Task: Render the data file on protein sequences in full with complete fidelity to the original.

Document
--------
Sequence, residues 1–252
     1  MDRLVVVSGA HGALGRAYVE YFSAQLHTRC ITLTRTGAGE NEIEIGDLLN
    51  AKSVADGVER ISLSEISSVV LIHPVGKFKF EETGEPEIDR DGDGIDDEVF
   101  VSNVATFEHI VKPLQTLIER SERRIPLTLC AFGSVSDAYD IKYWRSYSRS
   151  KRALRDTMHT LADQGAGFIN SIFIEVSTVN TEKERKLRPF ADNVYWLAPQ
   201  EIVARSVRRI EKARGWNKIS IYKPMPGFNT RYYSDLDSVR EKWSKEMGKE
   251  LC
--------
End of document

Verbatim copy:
Sequence, residues 1–252
     1  MDRLVVVSGA HGALGRAYVE YFSAQLHTRC ITLTRTGAGE NEIEIGDLLN
    51  AKSVADGVER ISLSEISSVV LIHPVGKFKF EETGEPEIDR DGDGIDDEVF
   101  VSNVATFEHI VKPLQTLIER SERRIPLTLC AFGSVSDAYD IKYWRSYSRS
   151  KRALRDTMHT LADQGAGFIN SIFIEVSTVN TEKERKLRPF ADNVYWLAPQ
   201  EIVARSVRRI EKARGWNKIS IYKPMPGFNT RYYSDLDSVR EKWSKEMGKE
   251  LC